Patrick Sweany likes the spaces in between.
On a given night (or on a given album) he'll swing through blues, folk, soul, bluegrass, maybe some classic 50s rock, or a punk speedball. He's a musical omnivore, devouring every popular music sound of the last 70 years, and mixing 'em all together seamlessly into his own stew. Yet, the one thing that most people notice about Patrick isn't his ability to copy - it's his authenticity. Like his heroes, artists like Bobby "Blue" Bland, Doug Sahm, Joe Tex, Patrick somehow manages to blend all of these influences into something all his own.
It's no wonder that as a kid he immersed himself in his dad's extensive record collection: 60s folk, vintage country, soul, and, of course, blues. Patrick spent hours teaching himself to fingerpick along to Leadbelly, Lightnin' Hopkins, and other folk-blues giants.
Nashville’s Blackfoot Gypsies are a rock ’n’ roll band—straight up, no modifiers necessary. With four years, four releases, and countless miles under their belt as a two-piece guitar & drums powerhouse, Zack Murphy and Matthew Paige have recently added fellow brethren Dylan Whitlow (bass) and Ollie Dogg (harmonica), bolstering their passionate, careening, undeniably American sound. Seeing the band live is like watching someone cling to a firehose at full blast or dig their heels in atop a thrashing mechanical bull… holding on for dear life, slowly guiding and reacting to forces at the brink of their control, somehow coming up aces in the end.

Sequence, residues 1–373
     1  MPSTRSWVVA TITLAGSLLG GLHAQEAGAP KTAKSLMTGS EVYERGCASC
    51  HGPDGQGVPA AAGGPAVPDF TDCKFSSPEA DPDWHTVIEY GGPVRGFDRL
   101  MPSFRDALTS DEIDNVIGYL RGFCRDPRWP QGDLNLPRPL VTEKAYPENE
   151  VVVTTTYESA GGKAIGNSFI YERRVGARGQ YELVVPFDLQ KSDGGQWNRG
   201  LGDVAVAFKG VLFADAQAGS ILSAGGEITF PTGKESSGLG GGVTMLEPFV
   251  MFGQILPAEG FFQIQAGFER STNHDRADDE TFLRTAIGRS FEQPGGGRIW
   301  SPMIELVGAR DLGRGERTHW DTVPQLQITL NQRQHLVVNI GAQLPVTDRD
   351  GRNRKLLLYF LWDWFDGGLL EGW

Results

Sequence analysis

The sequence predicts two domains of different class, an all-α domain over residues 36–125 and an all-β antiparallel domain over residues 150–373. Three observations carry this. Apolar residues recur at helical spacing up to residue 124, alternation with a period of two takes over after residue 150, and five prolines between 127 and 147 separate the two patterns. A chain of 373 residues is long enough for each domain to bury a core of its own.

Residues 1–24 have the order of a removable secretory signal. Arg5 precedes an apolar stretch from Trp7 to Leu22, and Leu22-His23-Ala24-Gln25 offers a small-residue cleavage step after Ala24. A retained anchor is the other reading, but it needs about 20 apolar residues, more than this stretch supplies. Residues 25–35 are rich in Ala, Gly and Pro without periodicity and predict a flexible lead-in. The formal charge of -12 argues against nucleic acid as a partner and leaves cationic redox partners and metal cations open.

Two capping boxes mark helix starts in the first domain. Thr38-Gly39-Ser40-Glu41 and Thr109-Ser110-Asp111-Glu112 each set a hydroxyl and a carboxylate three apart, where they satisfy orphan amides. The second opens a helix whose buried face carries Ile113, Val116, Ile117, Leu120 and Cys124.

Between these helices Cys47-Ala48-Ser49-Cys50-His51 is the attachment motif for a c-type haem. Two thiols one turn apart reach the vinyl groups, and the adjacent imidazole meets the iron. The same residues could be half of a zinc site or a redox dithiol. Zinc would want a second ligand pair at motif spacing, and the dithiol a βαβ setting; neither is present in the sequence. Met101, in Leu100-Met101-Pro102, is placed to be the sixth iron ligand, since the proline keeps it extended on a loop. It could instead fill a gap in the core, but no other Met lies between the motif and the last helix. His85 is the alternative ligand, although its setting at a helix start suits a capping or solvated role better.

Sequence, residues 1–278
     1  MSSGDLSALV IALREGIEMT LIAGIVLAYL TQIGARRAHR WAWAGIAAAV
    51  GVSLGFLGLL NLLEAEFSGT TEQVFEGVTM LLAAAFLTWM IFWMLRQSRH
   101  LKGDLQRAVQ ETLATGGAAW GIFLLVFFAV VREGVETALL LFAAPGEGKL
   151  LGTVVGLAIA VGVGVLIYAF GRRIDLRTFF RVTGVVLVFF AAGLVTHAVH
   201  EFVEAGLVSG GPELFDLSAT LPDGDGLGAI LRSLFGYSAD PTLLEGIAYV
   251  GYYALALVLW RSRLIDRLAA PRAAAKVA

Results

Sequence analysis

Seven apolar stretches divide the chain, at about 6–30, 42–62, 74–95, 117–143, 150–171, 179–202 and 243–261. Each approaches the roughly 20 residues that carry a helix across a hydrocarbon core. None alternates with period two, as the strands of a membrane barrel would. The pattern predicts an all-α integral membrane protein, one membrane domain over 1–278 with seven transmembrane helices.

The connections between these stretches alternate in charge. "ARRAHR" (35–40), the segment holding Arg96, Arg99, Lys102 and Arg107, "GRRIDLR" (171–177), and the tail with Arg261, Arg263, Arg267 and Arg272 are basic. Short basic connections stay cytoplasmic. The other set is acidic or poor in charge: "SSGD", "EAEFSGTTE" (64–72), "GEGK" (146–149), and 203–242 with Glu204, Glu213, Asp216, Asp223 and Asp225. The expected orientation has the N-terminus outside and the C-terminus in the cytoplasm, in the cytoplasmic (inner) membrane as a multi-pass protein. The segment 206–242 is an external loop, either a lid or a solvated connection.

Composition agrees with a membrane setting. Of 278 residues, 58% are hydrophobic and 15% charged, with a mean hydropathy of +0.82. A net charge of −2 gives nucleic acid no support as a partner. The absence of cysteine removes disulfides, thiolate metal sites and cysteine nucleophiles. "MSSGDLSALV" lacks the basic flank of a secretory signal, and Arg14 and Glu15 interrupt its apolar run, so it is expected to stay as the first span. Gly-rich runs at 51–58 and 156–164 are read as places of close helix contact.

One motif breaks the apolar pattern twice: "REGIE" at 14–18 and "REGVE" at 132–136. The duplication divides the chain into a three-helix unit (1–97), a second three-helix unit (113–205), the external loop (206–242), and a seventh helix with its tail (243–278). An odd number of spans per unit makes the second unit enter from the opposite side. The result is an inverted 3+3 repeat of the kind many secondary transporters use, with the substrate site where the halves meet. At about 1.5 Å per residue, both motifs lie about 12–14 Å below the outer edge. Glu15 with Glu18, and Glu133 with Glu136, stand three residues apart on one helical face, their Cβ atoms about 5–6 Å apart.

Blackfoot Gypsies have shared bills with everyone from the Alabama Shakes and Trampled by Turtles to Futurebirds, The Ettes and The Carolina Chocolate Drops. Their second full-length LP, Handle It (coming fall 2014), is the band’s debut as a full-throttle four piece. Drawing inspiration from the downhome roots of the Delta blues and the foreboding ghosts of country music’s past, Murphy, Paige & Co. go to the same well as Zeppelin, the Stones & The Faces, coming up with bucketful of angsty rock 'n' roll that’ll jolt your flatlined heart back into perfect rhythm.
Rock and roll is alive. The Blackfoot Gypsies are proof.